AUBUSSON - The International City of Tapestry and Woven Art
Aubusson is a beautiful small city in the Limousin region of France, which is famous throughout the world for its wonderful tapestries that have been made in its workshops since the 14th Century. During a day out from our course we visit this historic site and find ourselves transported back in time!
The origin of the Tapisserie d’Aubusson is unsure. Some people believe that weaving was introduced by the Saracens who settled in Aubusson in the 8th Century. Others, like me, think that the art of weaving was introduced in the 14th Century by the Flemish weavers who settled in Aubusson when Louis I of Bourbon, the city’s patron, married Marie of Hainaut. Whatever the origin of the Aubusson tapestry it is undeniable that it began to flourish in the 14th Century with the Flemish weavers’ knowledge.
Aubusson was a great place to set up weaving workshops because the acidity of the local Creuse’s waters efficiently de-greased the wool and fixed the dyes.
Traditional Aubusson tapestries are known for their iconic Verdures. This style, mainly based on plant decoration such as trees and foliage, remained highly popular over the centuries. Another favourite theme from the 16th Century was hunting scenes and many antique Aubusson tapestries show unicorns, wild boars, wolves and even lion hunting! Religious scenes were also very popular and numerous tapestries represented mythological scenes as well as scenes from the Old Testament.
Tapestries were only for the rich, royalty, aristocrats and Bishops. They were hung on walls and warmed up the palaces and manor houses of the wealthy and added colour to the room. It was a hard physical job to do, pushing with arms and legs for twelve hours a day by candlelight and it took at least ten years for a man to become a master weaver. Women were not involved in the business of weaving until the early 20th Century.
Aubusson in decline
The French Revolution brought huge changes for Aubusson’s weavers, since these objects of the rich were of course frowned upon. Many of the workshops were ransacked and although weaving was revived a few years later eventually mechanisation arrived, and the industry no longer needed the thousands of manual weavers it once employed.
There are weavers working in Aubusson to this day but it’s still a rich man’s product, costing around €2000 to €3300 per m² to commission a tapestry.
We visit four locations during our day trip and you will be transfixed by what you see! Our first stop is the Musée Départemental de la Tapisserie, where we will see the evolution of the city's tapestry industry since the 14th Century to the present day through an extensive display of works.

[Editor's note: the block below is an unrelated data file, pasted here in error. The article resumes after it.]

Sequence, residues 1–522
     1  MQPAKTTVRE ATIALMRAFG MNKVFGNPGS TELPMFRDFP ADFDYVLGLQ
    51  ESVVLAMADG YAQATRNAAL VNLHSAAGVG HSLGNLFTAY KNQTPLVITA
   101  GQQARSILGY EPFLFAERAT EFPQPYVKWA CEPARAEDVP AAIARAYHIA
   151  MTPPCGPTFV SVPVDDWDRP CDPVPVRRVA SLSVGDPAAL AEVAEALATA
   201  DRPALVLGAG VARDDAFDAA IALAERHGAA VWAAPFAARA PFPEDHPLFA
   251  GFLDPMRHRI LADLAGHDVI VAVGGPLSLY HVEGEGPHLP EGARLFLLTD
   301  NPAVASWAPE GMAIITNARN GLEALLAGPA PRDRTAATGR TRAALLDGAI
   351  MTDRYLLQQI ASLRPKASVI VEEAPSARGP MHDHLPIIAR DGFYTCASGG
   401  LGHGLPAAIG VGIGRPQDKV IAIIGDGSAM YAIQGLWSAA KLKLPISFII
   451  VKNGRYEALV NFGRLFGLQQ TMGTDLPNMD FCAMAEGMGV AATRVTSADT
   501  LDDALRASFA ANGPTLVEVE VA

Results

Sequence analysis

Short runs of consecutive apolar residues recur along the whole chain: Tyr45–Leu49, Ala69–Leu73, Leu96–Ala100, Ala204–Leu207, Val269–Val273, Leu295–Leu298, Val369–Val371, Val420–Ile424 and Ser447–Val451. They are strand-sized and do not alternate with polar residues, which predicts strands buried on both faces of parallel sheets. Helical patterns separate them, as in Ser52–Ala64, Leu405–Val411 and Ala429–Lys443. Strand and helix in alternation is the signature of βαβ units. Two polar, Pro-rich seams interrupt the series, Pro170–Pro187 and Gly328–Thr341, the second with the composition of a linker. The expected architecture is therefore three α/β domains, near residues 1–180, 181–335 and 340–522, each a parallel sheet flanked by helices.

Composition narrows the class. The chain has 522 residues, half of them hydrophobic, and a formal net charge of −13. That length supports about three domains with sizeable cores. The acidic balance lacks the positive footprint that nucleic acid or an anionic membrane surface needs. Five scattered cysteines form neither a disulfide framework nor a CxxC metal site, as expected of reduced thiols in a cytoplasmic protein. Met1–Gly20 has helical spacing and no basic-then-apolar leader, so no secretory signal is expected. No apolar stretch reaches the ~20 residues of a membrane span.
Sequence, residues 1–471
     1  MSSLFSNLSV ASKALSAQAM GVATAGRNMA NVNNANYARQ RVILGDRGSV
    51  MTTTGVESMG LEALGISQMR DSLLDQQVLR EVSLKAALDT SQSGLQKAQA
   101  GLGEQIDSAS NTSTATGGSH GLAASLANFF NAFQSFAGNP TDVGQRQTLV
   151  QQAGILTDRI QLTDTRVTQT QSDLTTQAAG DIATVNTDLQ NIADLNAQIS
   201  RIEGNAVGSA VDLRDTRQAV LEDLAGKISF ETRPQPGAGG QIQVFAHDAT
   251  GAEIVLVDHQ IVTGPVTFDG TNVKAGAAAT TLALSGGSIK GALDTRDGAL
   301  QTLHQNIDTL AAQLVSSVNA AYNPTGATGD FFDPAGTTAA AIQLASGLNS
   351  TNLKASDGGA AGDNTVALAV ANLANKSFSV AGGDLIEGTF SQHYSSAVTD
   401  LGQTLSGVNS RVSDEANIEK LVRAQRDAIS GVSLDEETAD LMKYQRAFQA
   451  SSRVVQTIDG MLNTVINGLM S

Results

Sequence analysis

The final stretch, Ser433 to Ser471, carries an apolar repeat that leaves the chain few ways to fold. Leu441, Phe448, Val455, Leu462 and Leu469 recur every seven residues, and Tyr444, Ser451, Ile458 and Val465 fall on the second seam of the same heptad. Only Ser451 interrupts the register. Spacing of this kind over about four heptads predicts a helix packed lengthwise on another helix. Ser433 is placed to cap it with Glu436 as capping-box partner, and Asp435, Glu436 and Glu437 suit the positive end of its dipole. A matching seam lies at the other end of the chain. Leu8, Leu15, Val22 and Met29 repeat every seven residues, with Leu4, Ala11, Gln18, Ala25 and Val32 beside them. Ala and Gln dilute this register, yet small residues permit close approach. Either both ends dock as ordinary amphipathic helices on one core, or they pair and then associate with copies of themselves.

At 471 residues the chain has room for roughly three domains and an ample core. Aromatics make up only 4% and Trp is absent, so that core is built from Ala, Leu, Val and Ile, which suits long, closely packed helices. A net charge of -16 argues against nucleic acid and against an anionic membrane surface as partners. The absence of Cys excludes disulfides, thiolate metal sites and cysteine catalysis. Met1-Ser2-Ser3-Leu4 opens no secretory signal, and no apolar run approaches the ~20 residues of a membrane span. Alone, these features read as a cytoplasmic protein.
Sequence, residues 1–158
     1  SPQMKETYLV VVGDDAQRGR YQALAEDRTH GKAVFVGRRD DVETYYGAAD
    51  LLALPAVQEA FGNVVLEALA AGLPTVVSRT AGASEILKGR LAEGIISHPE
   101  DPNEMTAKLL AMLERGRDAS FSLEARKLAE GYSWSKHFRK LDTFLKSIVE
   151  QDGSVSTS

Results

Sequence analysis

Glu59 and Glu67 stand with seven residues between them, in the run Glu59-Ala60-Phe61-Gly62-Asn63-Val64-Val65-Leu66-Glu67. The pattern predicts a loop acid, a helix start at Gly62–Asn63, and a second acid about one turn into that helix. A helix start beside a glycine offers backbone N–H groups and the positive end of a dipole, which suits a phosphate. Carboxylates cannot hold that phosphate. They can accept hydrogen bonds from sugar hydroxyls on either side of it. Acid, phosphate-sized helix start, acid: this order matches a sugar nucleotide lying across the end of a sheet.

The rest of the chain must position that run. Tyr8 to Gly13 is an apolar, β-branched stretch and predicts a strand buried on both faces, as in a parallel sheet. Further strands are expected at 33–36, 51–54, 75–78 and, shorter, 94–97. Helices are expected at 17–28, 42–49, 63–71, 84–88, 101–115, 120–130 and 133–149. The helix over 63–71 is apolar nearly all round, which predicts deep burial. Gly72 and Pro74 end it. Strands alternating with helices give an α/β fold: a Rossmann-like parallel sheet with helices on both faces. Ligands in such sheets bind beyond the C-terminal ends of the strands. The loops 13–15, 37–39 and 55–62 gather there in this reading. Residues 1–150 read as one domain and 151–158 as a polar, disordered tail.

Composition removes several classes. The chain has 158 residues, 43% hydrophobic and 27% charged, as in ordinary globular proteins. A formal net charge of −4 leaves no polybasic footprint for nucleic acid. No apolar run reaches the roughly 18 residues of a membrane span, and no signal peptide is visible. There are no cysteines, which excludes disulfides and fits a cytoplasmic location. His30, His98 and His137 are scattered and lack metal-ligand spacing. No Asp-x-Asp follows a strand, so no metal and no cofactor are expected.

The Aubusson workshops worked in collaboration with renowned artists and painters whose drawings were used as templates for the creation of their unique tapestries, so secondly we visit the Atelier-Musée des Cartons de Tapisserie, which houses a huge collection of the tapestry cartoons used as guides by the weavers. These cartoons are large, upside-down artworks which were either oil on canvas, gouache on paper or even drawn as a 'weave by numbers' design and placed underneath the warp threads .
Next we stop for a quick crêpe and liquid refreshment at a local café situated on the main cobbled street before visiting the Maison du Tapissier. Here we are plunged into tapestry-making as we watch weavers at work on horizontal looms in this 16th Century tapestry merchant’s house. We will stroll hrough time in the painter’s workshop, the weaver’s workshop and the tapestry seller’s office. The atmosphere in the different rooms and all the colours of the different wools used in the historical and modern tapestries on display will lead you into the magical world of this ancestral art.
The last stop of the day is for me the best stop! Manufacture St Jean was once a large Royal Factory called The House of Hamot that employed more than 600 weavers making both tapestries and rugs from the mid 19th Century until 1914. After the 1st World War the number of employees dropped to 100 and now only 10 work there.
It is like being in a time warp; huge rooms of dyed wools stacked floor to ceiling and horizontal looms made from massive tree trunks.
We are shown around and given demonstrations from a lady who now restores antique tapestries there. Her skill at repairing, what seems to me, unsalvageable tapestries is astounding! Here there was also an amazing display of contemporary tapestries housed in three exhibition rooms.